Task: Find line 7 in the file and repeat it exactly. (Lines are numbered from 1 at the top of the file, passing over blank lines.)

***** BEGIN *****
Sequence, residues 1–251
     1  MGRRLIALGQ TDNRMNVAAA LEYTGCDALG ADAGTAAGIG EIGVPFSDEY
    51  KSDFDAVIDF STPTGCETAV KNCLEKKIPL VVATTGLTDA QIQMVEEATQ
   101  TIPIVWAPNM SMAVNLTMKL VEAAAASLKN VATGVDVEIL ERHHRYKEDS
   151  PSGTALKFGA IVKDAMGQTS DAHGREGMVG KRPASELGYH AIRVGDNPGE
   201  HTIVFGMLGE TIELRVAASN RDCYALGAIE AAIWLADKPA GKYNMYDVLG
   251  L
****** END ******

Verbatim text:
   251  L